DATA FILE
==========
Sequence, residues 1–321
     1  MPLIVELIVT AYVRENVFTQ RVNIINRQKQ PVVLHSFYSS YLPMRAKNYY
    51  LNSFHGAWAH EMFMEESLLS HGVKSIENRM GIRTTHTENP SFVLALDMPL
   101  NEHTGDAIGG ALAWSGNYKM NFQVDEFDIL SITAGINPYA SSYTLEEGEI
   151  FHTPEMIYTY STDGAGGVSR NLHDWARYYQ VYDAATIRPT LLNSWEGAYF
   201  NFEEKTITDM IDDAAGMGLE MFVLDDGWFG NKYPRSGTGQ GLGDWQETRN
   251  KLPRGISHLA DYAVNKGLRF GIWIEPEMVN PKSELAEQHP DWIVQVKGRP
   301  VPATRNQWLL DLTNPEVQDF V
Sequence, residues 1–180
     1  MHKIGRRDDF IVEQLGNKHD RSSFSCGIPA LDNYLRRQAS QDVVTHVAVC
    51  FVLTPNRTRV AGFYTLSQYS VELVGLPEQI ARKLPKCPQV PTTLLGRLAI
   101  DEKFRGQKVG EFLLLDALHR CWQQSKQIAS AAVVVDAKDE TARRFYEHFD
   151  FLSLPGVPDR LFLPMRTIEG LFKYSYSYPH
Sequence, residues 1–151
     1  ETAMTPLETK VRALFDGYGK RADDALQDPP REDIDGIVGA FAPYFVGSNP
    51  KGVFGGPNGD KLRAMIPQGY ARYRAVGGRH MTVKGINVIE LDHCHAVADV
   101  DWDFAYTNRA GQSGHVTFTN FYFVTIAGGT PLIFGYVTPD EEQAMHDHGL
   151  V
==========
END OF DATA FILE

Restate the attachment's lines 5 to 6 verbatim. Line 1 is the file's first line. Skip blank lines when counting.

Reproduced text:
   151  FHTPEMIYTY STDGAGGVSR NLHDWARYYQ VYDAATIRPT LLNSWEGAYF
   201  NFEEKTITDM IDDAAGMGLE MFVLDDGWFG NKYPRSGTGQ GLGDWQETRN